Monday, August 26, 2013

Sunday, August 25, 2013

Royals In Monarchs Duds: August 24, 2013

The Royals held their (mostly) annual Salute to the Negro Leagues last night, and celebrated by wearing the uniforms of the 1942 Kansas City Monarchs and supplying the opposing Washington Nationals with the threads of the '42 Homestead Grays. I appreciate both teams wearing uniforms from the same year, I guess because it allows the imagination to flow back to specific games and personalities. And it would be hard to beat the '42 Monarchs and Grays for excitement and personalities. That year's squad may have been the greatest of many great Monarchs teams, but the Grays had their number in the regular season. That made the Monarchs the underdog heading into the World Series between the two teams, but the Monarchs rose to the challenge and swept the Series in four games--not counting the game in Kansas City when the Grays brought in some ringers, won, but had the game nullified by the league after the Monarchs protested. Satchel Paige pitched in every game for KC, and added to his legend by walking the bases loaded to get to, and strike out, Josh Gibson. (You can read a longer account I wrote of the '42 Monarchs season here.)

Harper & Hosmer

The 2013 Royals and Nationals have been pretty underwhelming, but at least they looked great for this game. Nerds like me notice little things different about the recreations. For instance, the Royals didn't have stripes on their socks, nor did they have numerals on the left, front hip of the pants like the Monarchs did. And, as usual, the bright blue Royals batting helmets and shoes were a little jarring to the look. And unfortunately a few players chose to look like complete doofuses by going with the pajama pants look and not showing any sock at all, something that would have been mercifully unthinkable in 1942. But the overall effect was there, and it was a nice distraction to another awful game by KC as they dropped their seventh straight.


Saturday, August 24, 2013

1942 Kansas City Call Calls Out The Blues For Segregating Ruppert Stadium Fans

May 22, 1942 Kansas City Call
This photo spread shows fans attending the 1942 Kansas City Monarchs home opener. The arrows point out white fans sitting peacefully in the integrated seating. The caption reprimands Ruppert (later Municipal) Stadium management for segregating the very same stands at KC Blues games:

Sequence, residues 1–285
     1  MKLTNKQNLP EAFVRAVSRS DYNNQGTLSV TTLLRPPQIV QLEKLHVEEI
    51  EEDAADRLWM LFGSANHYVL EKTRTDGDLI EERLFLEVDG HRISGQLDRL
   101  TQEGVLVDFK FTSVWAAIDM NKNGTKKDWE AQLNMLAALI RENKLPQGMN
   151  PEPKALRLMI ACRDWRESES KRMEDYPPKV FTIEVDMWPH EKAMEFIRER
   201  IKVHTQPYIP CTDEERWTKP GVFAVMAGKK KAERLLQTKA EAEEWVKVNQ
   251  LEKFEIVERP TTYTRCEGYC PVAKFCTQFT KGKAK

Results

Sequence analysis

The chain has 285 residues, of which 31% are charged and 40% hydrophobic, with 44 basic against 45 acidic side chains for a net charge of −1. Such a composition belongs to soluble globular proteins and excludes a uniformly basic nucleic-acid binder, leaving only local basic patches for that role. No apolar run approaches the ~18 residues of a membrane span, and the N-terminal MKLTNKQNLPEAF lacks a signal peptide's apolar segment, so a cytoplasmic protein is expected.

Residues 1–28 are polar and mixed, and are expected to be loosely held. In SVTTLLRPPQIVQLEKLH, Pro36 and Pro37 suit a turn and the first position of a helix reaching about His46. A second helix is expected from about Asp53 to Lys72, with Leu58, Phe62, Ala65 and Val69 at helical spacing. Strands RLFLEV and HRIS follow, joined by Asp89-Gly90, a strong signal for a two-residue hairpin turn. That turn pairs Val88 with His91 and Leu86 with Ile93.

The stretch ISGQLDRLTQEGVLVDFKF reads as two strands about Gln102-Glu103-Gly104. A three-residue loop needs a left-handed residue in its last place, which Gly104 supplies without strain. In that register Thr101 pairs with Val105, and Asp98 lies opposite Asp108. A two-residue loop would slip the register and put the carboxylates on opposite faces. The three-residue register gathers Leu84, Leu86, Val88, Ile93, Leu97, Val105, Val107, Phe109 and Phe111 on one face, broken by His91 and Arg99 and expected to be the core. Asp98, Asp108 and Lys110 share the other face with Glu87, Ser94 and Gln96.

TRUTH IS THE LIGHT- These candid shots, made at Ruppert stadium during the Kansas City Monarchs-Memphis Red Sox game, which opened the Negro season in Kansas City, Sunday afternoon, May 17, prove that white baseball fans DO sit beside, in front of, and behind Negro fans; prove that the mixed group of fans enjoy the game without starting a race riot, yes, right here in Kansas City. These shots prove, among other things, that when a ball game is in process, the fans center their attention on the game and NOT on WHO sits beside, behind, or in front of who- Why, then, does the Ruppert stadium management segregate Negroes who must buy a GENERAL ADMISSION ticket? The white fans do not raise the howl. Instead, it is the orange clad ushers who say in a most belligerent manner, "You can't sit there" to Negroes when they are sitting, and quite comfortably, too. White fans laugh at the antics of the ushers trying to get Negroes out of the grandstand. Truth is a bitter pill for SOME FOLK, but these pictures sure force the issue. The truth, pure and simple, is that it is the Ruppert stadium management, not the fans, who bring up and enforce segregation when the Blues play. Why would a white fan sit beside, behind and in front of a Negro one day and refuse to do the same thing another day? These pictures prove that nothing happens when it is done, so why does the management continue "carrying the ghost"?

Friday, August 23, 2013

Two Great Royals Starts In One Day

I greatly enjoyed watching Danny Duffy & James Shields have back-to-back great starts in a split doubleheader in Detroit earlier this month, and it made me wonder about other double whammy starts in team history. I used a game score of 65 as the arbitrary cut-off for an excellent start, and found the below 12 instances when both Royals starters reached that mark in a doubleheader. Duffy (70) and Shields (68) combined for the sixth best average game score out of the 12 twin bills in question.

Over the first eight Royals seasons (1969-77), there were nine doubleheaders in which both KC starters were good enough for a 65+ game score. Then as doubleheaders became a rarity, so of course did doubleheaders with two excellent starts. It didn't happen again until 1990 when Kevin Appier and Luis Aquino turned the trick, then not again until 2001 with the legendary duo of Jeff Suppan and Chris George. That was the last time until Duffy & Shields, Inc. this season.

Sunday, August 4, 2013

Pic Dump IV

An assortment of KC baseball images sourced mostly from eBay listings and the Kansas City Baseball Historical Society's Facebook page, where people regularly post great photos.

1960 A's Opening Day

Lou Gehrig & Babe Ruth present a refrigerator to Children's Mercy Hospital, and the scorecard for the benefit game they played in KC

Bo Jackson & Kurt Stillwell can't come up with the ball, ca. 1988-90